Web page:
Some of my favorite titles by others:

    The Guy I'm Not Dating
    The Silent Governess
    A Distant Melody
    Pieces of Silver (Especially love how this one sounds so pretty but also symbolized betrayal)

    ReplyDelete
  3. Some of my favorite titles are:

    The Destiny of One
    For the Write Reason (perfect)
    I Will Follow
    One Thousand Gifts (makes me think bountiful, which is exactly what the book is about)
    The Door Within

    ReplyDelete
  4. Thank you for this great post! I always have a hard time thinking of titles and this was exactly what I needed to hear! It inspired me to be bold with my titles...I'm definitely using the facebook idea. ;)

    ReplyDelete
  5. I really like:

    A Sonnet to a Dead Countessa
    A Gown of Spanish Lace (instantly thinking, "Wedding")
    The Two Princesses of Bamarre.

    ReplyDelete
  6. I like:
    - Dying to Win (play on words)
    - Toes (I just think its funny, its a book a read when I was little about a cat with extra toes! lol)
    - Bold Beauty

    ReplyDelete
  7. I really like these ones:

    Black heart of Jamacia (set in the time when there were slave-trading)
    Fast food and no play make Jack a fat boy
    Hidden steel

    - Paige Taylor

    ReplyDelete
  8. I like

    The Woman in White
    Tales from a perilous realm
    The Tanglewood's Secret

    ReplyDelete
  9. I love making up character names and titles and all that. You know how they just come to you sometimes, and you don't even get to choose?:P

    I like the Real Life titles by Nancy Rue -- I mean, "Motercycles, sushi and one strange book." Or, "Boyfriends, Buritos and and ocean of trouble."

    ReplyDelete
    Replies
    1. I haven't read those 2 of the series, but the other 2 were great. Cool names too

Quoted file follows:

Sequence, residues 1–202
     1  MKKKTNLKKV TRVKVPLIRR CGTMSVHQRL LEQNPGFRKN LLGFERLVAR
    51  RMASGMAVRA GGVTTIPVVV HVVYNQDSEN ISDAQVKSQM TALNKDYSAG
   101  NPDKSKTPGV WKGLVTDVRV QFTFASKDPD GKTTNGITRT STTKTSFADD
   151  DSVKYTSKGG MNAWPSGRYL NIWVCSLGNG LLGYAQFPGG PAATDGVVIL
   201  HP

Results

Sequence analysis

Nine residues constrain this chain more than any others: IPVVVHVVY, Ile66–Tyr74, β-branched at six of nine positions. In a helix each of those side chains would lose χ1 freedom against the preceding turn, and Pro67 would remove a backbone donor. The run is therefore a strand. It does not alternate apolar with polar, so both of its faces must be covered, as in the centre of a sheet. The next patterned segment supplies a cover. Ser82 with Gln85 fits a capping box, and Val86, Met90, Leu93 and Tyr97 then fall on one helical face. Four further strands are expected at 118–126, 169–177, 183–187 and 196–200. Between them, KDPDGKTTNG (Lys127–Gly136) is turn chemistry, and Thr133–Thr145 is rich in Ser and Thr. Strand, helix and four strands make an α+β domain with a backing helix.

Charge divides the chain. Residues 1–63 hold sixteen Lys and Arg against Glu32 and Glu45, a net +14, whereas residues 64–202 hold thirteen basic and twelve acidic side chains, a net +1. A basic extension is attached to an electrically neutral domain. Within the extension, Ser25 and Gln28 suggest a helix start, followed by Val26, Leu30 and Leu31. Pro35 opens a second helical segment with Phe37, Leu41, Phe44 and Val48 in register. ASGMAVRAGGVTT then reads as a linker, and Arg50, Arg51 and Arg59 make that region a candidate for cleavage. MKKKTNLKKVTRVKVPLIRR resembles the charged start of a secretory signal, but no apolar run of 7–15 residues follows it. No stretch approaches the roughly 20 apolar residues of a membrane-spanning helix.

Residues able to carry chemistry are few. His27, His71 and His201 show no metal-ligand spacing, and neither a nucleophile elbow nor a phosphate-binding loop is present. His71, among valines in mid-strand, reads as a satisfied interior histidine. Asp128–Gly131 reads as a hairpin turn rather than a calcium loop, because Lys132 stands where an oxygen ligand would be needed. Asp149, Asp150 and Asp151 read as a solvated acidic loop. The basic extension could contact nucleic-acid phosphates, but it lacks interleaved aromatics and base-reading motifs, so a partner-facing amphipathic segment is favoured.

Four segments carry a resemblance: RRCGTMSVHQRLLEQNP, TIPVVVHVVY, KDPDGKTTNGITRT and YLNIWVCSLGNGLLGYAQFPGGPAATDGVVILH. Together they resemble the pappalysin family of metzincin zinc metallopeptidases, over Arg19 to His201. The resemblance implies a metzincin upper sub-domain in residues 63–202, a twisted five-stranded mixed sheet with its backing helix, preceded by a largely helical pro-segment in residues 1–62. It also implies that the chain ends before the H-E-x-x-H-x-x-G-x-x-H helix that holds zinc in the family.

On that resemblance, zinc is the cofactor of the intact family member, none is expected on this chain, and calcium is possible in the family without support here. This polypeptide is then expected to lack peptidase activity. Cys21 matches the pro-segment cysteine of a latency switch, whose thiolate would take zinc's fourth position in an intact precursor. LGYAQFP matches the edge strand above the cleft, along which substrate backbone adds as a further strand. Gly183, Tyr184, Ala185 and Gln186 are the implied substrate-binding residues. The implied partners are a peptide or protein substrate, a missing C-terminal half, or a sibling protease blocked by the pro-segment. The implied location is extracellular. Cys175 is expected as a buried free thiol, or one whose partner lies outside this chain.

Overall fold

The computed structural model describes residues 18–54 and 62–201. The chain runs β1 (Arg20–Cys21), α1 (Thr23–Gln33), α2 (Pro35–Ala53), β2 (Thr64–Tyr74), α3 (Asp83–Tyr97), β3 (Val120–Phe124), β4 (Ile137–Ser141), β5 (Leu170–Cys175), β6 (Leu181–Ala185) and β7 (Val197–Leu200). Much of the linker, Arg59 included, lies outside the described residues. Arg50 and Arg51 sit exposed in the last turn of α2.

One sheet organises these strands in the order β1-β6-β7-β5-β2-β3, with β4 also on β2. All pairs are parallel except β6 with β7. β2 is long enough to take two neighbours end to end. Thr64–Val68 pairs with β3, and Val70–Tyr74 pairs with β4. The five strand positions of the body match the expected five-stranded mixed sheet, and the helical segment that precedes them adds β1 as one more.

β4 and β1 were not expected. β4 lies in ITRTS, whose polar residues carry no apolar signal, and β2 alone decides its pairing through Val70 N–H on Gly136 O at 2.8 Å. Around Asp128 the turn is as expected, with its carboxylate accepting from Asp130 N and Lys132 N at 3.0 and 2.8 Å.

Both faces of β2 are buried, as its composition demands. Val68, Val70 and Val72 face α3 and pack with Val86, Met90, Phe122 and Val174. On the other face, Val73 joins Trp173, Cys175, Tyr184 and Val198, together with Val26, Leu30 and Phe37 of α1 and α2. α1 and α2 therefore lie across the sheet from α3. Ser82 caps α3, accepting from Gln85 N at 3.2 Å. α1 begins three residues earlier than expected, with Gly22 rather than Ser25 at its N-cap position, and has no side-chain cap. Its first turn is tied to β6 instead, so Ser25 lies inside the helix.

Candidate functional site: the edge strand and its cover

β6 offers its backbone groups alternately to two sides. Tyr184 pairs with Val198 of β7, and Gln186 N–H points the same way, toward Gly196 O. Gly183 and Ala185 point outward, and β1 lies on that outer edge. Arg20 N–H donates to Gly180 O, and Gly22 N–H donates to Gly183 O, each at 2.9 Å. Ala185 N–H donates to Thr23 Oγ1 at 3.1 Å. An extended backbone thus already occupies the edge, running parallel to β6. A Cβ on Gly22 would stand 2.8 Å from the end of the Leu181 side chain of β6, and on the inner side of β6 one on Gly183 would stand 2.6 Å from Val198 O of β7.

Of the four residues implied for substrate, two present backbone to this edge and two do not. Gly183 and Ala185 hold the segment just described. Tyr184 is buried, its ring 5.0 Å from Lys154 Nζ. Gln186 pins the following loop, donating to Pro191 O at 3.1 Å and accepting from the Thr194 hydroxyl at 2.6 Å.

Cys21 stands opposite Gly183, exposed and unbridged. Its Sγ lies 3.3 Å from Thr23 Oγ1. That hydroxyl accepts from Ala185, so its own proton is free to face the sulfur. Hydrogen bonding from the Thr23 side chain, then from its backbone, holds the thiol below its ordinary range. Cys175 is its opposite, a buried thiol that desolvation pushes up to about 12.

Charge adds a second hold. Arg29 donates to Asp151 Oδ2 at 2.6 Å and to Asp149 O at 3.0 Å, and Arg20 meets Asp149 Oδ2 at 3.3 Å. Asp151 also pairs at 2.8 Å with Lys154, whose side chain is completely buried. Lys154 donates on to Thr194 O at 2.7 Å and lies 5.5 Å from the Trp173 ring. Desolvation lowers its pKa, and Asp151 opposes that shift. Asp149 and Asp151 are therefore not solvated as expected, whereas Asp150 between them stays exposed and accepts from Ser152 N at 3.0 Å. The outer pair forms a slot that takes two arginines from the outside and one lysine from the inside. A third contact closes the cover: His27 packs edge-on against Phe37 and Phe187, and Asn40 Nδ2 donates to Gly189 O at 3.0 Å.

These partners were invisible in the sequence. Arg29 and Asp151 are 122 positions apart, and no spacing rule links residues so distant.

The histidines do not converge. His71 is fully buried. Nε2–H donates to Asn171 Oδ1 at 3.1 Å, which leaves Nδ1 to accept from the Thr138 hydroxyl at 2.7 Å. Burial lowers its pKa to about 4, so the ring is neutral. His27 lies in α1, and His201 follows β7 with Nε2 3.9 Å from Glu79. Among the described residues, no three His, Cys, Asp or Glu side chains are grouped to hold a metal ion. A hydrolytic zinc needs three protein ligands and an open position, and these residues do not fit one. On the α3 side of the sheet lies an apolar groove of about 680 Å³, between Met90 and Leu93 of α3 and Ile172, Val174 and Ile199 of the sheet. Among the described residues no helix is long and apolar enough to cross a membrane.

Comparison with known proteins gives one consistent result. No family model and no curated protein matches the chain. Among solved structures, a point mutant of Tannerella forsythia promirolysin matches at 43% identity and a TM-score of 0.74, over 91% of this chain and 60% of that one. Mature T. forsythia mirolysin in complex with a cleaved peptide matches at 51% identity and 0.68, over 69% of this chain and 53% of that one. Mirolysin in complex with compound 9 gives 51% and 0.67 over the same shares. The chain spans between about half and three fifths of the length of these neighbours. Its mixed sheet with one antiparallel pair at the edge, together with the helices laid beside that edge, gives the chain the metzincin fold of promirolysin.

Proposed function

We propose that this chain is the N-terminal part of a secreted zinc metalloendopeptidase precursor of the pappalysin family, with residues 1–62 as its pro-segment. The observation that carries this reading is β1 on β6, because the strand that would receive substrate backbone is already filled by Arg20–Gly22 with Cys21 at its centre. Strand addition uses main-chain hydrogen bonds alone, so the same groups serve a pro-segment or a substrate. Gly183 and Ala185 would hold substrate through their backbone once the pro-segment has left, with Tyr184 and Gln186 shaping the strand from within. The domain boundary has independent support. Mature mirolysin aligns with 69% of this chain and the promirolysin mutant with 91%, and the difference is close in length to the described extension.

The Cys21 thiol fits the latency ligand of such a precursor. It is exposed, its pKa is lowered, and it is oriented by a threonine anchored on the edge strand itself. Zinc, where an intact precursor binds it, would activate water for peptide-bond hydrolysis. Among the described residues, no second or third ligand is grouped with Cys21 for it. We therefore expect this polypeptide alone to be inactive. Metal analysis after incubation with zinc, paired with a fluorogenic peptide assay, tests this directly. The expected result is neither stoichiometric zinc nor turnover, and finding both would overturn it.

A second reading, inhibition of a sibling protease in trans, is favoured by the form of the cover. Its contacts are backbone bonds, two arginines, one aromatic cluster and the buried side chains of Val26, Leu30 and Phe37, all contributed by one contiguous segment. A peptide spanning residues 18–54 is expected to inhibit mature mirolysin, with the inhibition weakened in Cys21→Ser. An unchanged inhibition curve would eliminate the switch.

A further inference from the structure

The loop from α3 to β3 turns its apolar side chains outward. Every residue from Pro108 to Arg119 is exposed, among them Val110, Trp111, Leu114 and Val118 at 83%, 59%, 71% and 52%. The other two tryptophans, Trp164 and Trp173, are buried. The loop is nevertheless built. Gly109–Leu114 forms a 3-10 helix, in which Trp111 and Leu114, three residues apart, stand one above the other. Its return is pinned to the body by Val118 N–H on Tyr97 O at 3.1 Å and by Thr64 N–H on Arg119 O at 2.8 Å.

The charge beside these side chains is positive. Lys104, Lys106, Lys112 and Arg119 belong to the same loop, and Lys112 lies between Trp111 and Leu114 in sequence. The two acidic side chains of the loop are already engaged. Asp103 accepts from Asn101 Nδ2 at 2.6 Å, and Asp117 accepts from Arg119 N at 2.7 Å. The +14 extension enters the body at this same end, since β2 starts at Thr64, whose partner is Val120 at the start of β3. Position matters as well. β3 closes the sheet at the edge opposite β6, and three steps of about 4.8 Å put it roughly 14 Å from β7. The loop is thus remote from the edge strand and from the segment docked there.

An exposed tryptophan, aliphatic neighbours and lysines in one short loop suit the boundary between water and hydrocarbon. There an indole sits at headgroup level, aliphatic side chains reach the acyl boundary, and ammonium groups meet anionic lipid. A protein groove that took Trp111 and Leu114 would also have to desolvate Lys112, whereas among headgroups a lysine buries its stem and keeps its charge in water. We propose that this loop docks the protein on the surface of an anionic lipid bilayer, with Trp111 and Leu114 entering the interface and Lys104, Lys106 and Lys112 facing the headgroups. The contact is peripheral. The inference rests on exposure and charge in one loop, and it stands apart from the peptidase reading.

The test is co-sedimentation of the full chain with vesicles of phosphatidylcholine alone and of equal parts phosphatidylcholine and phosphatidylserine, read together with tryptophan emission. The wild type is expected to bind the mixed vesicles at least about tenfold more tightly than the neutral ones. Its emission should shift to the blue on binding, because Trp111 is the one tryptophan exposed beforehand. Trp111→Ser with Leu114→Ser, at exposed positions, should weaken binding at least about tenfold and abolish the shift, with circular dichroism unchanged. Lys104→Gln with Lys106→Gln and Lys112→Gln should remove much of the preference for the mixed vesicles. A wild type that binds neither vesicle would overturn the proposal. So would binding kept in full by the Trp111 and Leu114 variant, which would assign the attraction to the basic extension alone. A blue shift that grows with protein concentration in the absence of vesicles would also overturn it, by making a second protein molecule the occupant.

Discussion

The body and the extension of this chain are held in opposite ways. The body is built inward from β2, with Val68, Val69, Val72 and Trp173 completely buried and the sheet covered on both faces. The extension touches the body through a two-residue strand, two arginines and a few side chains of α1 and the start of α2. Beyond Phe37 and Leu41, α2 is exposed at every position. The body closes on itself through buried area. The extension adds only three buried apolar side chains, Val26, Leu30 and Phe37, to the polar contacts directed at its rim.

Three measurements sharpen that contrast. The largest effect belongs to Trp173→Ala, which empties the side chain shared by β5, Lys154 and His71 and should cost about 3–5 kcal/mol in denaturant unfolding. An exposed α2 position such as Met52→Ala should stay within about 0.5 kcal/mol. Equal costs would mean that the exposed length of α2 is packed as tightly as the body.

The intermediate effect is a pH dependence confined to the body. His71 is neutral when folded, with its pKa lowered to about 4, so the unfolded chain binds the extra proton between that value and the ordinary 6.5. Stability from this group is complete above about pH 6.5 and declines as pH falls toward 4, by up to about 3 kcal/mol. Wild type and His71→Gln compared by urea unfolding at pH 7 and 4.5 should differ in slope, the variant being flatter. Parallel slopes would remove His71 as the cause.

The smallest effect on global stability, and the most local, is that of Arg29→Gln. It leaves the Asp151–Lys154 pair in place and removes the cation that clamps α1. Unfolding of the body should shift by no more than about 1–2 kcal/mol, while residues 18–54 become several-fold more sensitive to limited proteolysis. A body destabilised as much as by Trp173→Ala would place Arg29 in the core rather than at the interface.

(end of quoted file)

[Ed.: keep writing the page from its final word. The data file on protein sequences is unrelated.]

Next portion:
Delete
  10. Ha! Paige this one made me laugh: Fast food and no play make Jack a fat boy

    ReplyDelete
  11. Yeah, I read that one in year five :)
    I guess the title just grabbed me!


    Paige

    ReplyDelete
  12. Some good advice Stephanie.And a funny post too :)
    Sorry for taking so long to read it.I can be lazy about my bookmarks :(
    I like the following titles:
    Anything Nancy Rue or Bryan Davis
    Entwined
    Beyond All Measure
    Roadside Assistance
    The Truth About Forever
    What Happened to Goodbye
    Lock & key
    How To Ditch Your Fairy
    Asking For Trouble
    Anything Jenny B. Jones
    The False Princess
    The Iron Thorn
    Just One Wish
    Matched
    Anything John Flanagan
    Anything Rick Riordan
    The Goddess Test
    My Unfair Godmother (#2)
    My Fair Godmother (#1)
    Faerie Path
    Higher Institute Of Villainous Education (and the other H.I.V.E. books)
    So yeah.A lot...........
    It'll be the hardest thing, I think to figure out my title.
    Sierra
    Keep Growing Beautiful♥ (Cause You Are!)

    ReplyDelete
  13. Usually whenever I get an idea, instead of writing down what it was I come up with a title for the book it fits into.

    Have to say, the twilight books have the best titles, because they're all different stages of the moon.

    ReplyDelete
  14. I am probably just putting this here cause I'm curious if somebody will actually notice a comment on such an old, dusty post, but anyway...

    I was wondering what you guys out there think about my current title. I'm thinking aboutt making it a dutch book but as the same principles apply here's my title's english translation: "Never sing stoned again".

    ReplyDelete
    Replies
    1. In English, it doesn't make sense, Pjotr. Unless you mean stoned like a person being on drugs...

      Delete
  15. Here are some of the titles of my stories and/or novels. Please tell me if they look ok!
    The Price of Safety
    The Thirteenth Fairy & The 'Curse'
    Whispers

    ReplyDelete
    Replies
    1. The price of safety sounds like it would be about a people who trade their freedoms for security. Whispers sounds like it is about the dangers of gossip. What are they really about?

      Delete
  16. What about coming up with titles for topics a lot of people write on these days--such as fairy tale retellings?

    ReplyDelete
  17. These are some titles I like:
    The Reluctant Prophet(Nancy Rue)
    First Date, Starring Me, Right Where I Belong (Krista McGee)
    Me, Just Different (sounds pretty cool)

    ReplyDelete

Disagreement is welcome. Rudeness is not. Please be considerate of each other!